One of my best friends has tasked me with explaining crypto to her mom. I’m not joking:
This’ll be fun. Time to explain crypto to a millennials’ mom.
Cryptocurrencies, at their root, are a big book of IOU’s. Jill buys some eggs from Jack, and to keep track of their money they go to the big book in the middle of the town square. Jill writes:
Jill transfers 5 money to Jack | Jill: 10-5=5 money. | Jack: 7+5=12 money | ~Jill Macintosh
To make it official, Jill has to sign her name with her special signature that only she can recreate, it cannot be forged. Jack technically doesn’t have to sign it, he’s the one getting money and who would say no to free money if the other person wants to send it? (I’ll expand on this when I cover wallets in the next entry)
The book uses ink that cannot be erased, and anyone at any time can go to the town square and read through the big book. Everyone can see how much money has been sent to the mayor, Mr. Egg, and by whom.
📒 The big book is the ledger. In cryptocurrencies, instead of a single (centralized) big book, many (decentralized) copies of the book exist.
Instead of one book in the town square, every home might keep their own copy. Throughout the day, members of the household record their money transfers. Daily at 8pm, every household meets up to mutually agree upon the new state of the book. House A copies down House B’s transfers, House B might copy House D, and so on until every household has agreed and has the same exact list of transfers.
Back in the crypto world, each book copy is a node. Every 24 hours from 8pm-8pm would be one block time, and the process of coming to a shared agreement is the consensus mechanism. Apologies as things start to get more technical here, but bear with me.
As you might imagine, there might be 100s of reasonable ways to come to a consensus, and arguments could be made for longer or shorter block times. Your imagination would be correct, and this is one of the main reasons we have MANY cryptocurrencies. Let’s compare the three I’m most familiar with: Bitcoin (BTC), Ethereum (ETH), and Tezos (XTZ):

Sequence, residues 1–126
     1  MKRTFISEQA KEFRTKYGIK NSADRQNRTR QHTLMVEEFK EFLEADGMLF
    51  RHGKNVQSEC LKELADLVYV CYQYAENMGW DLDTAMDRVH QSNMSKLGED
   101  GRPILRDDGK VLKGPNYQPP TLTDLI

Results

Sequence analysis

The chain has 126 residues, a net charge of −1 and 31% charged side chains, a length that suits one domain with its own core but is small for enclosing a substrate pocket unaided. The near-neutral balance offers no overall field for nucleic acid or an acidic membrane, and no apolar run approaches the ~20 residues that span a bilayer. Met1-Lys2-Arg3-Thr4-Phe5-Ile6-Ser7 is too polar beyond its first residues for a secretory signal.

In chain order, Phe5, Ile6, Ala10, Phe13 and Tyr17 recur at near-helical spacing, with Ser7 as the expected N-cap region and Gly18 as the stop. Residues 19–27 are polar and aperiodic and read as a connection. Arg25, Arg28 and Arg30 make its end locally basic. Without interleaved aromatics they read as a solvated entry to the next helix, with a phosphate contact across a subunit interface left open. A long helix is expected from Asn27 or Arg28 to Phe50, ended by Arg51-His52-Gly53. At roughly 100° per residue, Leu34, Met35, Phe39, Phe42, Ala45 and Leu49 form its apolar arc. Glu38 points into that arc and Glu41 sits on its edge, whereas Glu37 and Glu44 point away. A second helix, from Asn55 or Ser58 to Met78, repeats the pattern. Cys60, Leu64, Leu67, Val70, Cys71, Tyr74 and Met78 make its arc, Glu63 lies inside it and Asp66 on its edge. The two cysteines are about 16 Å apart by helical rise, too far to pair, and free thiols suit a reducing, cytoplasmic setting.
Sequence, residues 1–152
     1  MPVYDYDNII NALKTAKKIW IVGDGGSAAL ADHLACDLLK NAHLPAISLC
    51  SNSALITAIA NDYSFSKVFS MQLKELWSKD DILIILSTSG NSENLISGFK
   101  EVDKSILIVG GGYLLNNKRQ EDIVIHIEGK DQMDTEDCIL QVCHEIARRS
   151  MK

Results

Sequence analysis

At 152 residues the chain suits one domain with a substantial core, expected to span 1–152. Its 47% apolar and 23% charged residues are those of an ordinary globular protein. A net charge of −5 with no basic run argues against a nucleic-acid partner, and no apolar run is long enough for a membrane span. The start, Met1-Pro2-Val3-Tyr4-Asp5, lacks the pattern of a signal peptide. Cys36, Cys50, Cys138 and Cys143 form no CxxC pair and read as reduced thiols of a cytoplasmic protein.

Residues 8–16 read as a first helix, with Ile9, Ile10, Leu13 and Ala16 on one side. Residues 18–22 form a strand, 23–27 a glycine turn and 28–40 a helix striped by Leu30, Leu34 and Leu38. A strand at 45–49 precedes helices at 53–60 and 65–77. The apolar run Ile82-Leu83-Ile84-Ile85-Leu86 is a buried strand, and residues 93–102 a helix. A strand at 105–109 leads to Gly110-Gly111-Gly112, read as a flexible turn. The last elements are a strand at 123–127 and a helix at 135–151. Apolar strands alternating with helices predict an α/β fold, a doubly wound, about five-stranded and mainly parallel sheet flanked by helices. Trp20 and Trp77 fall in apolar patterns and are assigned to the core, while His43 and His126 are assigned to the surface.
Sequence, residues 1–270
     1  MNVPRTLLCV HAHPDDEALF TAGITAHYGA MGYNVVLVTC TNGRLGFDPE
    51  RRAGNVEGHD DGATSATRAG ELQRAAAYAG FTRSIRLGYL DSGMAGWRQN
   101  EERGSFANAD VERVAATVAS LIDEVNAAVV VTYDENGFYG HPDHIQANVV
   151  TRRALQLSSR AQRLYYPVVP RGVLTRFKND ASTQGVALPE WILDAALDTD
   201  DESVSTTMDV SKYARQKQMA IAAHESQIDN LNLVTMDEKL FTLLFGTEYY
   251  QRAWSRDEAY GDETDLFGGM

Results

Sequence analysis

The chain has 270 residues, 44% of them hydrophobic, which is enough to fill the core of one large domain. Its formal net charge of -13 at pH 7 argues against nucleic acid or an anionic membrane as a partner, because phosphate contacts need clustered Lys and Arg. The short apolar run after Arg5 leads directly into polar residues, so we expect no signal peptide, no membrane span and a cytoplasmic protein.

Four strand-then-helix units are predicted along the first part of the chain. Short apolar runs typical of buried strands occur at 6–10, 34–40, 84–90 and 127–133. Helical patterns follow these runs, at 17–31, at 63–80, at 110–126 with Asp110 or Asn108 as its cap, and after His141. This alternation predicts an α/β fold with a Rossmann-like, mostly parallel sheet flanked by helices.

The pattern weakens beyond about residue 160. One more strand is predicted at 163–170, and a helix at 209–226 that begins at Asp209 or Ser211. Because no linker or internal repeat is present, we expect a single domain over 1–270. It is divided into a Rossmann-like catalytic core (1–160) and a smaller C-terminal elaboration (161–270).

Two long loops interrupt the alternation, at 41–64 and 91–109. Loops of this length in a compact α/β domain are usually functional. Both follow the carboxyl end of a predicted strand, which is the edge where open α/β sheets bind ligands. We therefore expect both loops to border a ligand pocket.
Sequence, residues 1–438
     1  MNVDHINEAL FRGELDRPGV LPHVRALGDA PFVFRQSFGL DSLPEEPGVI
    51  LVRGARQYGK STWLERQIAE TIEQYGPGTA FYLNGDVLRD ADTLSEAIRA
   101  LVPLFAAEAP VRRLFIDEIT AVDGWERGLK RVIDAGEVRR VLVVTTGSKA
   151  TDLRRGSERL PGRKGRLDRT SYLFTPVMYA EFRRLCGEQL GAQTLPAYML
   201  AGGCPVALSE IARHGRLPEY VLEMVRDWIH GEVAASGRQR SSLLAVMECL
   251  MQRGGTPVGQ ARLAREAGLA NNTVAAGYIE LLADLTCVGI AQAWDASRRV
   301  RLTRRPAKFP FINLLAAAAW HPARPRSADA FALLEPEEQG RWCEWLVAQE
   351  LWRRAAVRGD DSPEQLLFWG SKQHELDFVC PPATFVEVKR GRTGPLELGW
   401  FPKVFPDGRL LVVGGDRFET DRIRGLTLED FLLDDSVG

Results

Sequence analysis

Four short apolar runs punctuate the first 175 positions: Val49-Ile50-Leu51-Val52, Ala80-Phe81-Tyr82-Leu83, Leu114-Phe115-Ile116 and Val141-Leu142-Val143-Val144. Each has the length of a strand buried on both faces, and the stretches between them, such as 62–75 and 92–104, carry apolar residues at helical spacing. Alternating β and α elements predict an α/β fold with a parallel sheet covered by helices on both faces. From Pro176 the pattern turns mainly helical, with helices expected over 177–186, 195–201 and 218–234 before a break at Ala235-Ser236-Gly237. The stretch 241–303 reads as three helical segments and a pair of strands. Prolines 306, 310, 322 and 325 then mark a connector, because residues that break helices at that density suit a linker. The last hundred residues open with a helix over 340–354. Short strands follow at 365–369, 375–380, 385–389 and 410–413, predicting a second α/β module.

PoW -> Proof-of-Stake (PoS)
Liquid Proof-of-Stake (LPoS)
With Proof of Work, the nodes (or validator, often they refer to the same thing but not always) use computational power to “validate” the blockchain. There is some computationally very difficult problem that the nodes try to solve, and if they are the first to solve it their version of the next block is added and they receive a reward in the form of the crypto.
🧱 Let’s back up. Think of a “block” as a page in the big book. To keep things quick at 8pm, only a single page of transfers is agreed upon to be added. Whatever transfers don’t end up on that page (block) never happened. Yes, this is undesirable. Yes, it also means there is a “max throughput” for almost every blockchain.
This consensus method has faced major blowback recently due to its inherent waste of energy. Bitcoin validators (or miners, yet another synonym that sometimes isn’t a synonym) used roughly 91 terawatt hours in 2021. That’s similar to Netherland’s total energy use. So yeah, personally not a fan of this consensus mechanism, but there is an argument to be made that it is the most secure. This is partially why Ethereum will be changing their consensus mechanism to Proof of Stake in the future.
With proof of stake, you “stake” some of your coins in exchange for the chance to update the next block and receive a small reward. This method is objectively more difficult to understand in terms of how it works and the math behind why it can still be considered secure, but the gist is that there are incentives to reward “fair” validators and consequences to punish “bad” validators. Other validators have to approve the chosen validator’s proposed block, and if too many validators disagree then the original validator can lose some of their staked coins. This varies greatly depending on the specific chain’s implementation.
The energy costs associated with this are many orders of magnitude lower than Proof-of-Work. No energy is wasted on computationally intensive calculations, instead energy is only used to validate blocks.
An important caveat to staking is that you often need a large number to be able to run your own validator node. In Ethereum, that number will be 32 ETH. In Tezos, it’s 6000 XTZ. Smaller owners can “delegate” their coins to a larger validator, usually in exchange for a percentage fee on the rewards. Sometimes this means your coins are fully locked up and unusable. With Tezos, the liquid part means that you maintain ownership and full usage of your coins even while delegating to a validator node. (Tezos uses the term “bakers” for this. Again, more dumb synonyms).
Tezos has the additional functionality of governance (i.e. voting on changes to the algorithm or adjacent policies) which the liquid part helps facilitate. The bakers (or node) can vote on the proposals, so easily being able to change your delegation lets you vote indirectly too. It’s sort of like aligning with a political party, you can find a baker who votes how you want.
At this point you know the basic differences between some blockchains, as well as the core idea behind a decentralized public ledger. You’ve got a ways to go, but it’s a big first step. I’ll dive into wallets next (how does it work, hot vs. cold, wtf is a BIP39 mnemonic phrase) along with some high level benefits, risks, and use cases. Then it’s smart contacts and alien concepts like DeFi and NFTs won’t seem so alien anymore.
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